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Better to be Loved or Feared?

I’ve enjoyed watching classic mob movies. Once you get passed the glorification of violence, the good ones are full of brilliant acting, great dialogue, and scenes that are symbolic and even relevant to everyday life. One of my favorites is A Bronx Tale, starring Chazz Palminteri and Robert DiNero. It’s a great story with several themes all nicely woven together (e.g., fathers/sons, good vs evil, social class, race, and others).

I was recently working with the leader of a large business to align the executive management team on solutions to three key challenges facing the company, all related to scaling for growth. Things like refining segments, developing new products/services, and expanding globally. To successfully address their business challenges, the leadership team appreciated that the culture of the company would also need to evolve to support these priorities. Specifically, as they focused on decision-making, they realized that they could inadvertently limit the business if they were too involved with too many decisions.

The team also concluded that they needed to evolve their personal approaches to leadership if they expected to shape the broader company culture to embody greater levels of empowerment, accountability, and decision making. As I spent time with each leader discussing these adjustments, several explained the complexities and the nuance of their situations within the business context. These conversations reminded me of a scene from A Bronx Tale, “Is it better to be feared or better to be loved?” In this scene crew boss Sonny LoSpecchio is mentoring and responding to his young protégé when he is asked this question.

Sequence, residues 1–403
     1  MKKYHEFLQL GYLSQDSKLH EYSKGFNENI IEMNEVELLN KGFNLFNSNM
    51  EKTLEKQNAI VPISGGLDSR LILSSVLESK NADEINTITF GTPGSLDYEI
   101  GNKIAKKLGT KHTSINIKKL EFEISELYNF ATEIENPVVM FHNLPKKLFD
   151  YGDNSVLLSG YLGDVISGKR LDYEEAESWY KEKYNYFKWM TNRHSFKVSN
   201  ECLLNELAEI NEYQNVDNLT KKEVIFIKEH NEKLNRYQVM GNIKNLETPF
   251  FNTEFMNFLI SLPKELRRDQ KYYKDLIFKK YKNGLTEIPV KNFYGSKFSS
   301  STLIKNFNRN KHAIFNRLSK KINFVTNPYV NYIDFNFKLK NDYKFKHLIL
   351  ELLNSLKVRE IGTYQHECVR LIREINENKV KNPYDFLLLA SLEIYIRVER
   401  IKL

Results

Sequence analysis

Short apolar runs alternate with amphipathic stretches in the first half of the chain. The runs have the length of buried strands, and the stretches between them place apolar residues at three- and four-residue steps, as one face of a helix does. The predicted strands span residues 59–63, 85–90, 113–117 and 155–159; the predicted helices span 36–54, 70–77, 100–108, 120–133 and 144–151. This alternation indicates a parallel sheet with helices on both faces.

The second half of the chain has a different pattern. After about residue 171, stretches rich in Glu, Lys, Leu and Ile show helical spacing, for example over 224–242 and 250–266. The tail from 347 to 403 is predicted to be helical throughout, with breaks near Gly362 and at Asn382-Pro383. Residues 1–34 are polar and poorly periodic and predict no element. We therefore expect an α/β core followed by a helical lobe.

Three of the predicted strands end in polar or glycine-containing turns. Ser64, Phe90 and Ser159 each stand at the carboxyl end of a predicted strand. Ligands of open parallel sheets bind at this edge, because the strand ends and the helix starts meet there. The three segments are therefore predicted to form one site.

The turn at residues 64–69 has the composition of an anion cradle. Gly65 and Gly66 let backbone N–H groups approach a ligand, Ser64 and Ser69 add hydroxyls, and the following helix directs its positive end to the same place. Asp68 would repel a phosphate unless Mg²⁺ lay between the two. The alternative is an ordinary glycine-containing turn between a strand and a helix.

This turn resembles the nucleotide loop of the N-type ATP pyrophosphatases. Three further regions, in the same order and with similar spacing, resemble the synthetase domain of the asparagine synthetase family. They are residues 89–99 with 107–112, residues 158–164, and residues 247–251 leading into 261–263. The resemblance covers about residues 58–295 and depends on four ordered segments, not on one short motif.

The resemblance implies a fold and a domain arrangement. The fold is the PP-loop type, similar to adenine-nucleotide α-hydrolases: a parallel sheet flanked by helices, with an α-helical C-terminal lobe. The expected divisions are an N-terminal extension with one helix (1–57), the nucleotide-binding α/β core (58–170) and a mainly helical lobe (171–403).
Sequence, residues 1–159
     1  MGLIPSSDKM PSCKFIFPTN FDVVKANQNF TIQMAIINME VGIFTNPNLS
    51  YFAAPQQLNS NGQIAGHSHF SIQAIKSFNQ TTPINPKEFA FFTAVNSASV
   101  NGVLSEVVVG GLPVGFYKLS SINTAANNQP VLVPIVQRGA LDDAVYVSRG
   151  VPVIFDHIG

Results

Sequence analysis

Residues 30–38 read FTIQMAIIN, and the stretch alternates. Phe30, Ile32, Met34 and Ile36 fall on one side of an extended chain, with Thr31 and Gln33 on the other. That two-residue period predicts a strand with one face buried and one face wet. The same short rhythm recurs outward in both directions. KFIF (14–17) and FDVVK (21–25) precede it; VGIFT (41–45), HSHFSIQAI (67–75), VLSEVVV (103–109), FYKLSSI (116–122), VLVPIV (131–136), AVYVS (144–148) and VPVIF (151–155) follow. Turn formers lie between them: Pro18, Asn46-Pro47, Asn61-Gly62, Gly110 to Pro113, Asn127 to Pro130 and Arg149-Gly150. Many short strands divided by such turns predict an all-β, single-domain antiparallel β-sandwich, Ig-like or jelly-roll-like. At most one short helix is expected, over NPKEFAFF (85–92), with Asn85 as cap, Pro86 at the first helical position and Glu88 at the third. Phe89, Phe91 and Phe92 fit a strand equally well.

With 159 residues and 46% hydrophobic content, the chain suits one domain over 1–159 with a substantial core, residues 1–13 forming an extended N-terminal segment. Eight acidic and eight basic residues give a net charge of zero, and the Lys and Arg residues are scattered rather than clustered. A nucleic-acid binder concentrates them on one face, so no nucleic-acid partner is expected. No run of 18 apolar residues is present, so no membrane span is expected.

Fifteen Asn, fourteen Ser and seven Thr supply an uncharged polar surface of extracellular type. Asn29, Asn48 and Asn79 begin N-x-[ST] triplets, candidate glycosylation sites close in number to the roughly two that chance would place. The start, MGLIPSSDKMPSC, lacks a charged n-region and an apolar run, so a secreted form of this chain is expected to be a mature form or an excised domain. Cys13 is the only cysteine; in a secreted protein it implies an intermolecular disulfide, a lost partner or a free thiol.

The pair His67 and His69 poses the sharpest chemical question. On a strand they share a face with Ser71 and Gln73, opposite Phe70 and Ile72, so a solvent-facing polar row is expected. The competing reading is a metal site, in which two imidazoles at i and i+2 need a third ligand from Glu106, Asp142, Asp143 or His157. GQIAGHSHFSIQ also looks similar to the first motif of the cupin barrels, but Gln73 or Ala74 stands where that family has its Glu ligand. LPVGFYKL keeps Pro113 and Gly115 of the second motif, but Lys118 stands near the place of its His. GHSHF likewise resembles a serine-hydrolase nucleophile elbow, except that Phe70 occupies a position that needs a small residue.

Admittedly, this is more of an attention-grabber than a perfect analogy, but for me it nicely illustrates the complexities of making adjustments to even just one leadership quality. For example, leaders are often asked to be more empowering or be more willing to drive decision making further down into the organization. To be clear, this is a common and necessary adjustment, however it can be challenging to strike the right balance between empowerment and oversight, given the realities of the situation. There can be a variety of factors at play (e.g., leader personality, employee/team capability, customer impact, structural alignment, business stability, etc.) that can tacitly discourage these adjustments.

A handful of thoughtful leaders at this organization where able to articulate this complex reality, where determining how to implement leadership adjustments was not so cut-and-dried. There were a variety of situational factors that went into each leaders’ personal cost/benefit analysis. This caution or reluctance is sometimes mistakenly interpreted by others as an unwillingness or inability to make the adjustment. Furthermore, verbalizing these factors can compound negative perceptions, when not fully understood or appreciated. Given the context, it can be understandable and even reasonable for a leader to not make an adjustment (or simply wait to see what others do).

My Main Point: Personal leadership adjustments are connected to strategy, evolving value models, operating model/structure, and culture. When there isn’t full alignment on these it’s harder and less likely that individuals will adjust and align their leadership approach to stated expectations.

Hopefully you are not debating whether you want to be loved or feared at your workplace! But you might be facing a similar situation or dichotomy that requires you to make subtle adjustments based on the nuances of your situation.

I’m sure Sonny did not refine his leadership philosophy at a formal leadership development program, but to his credit, he understood his business and the leadership requirements that were necessary for success as a crime boss.

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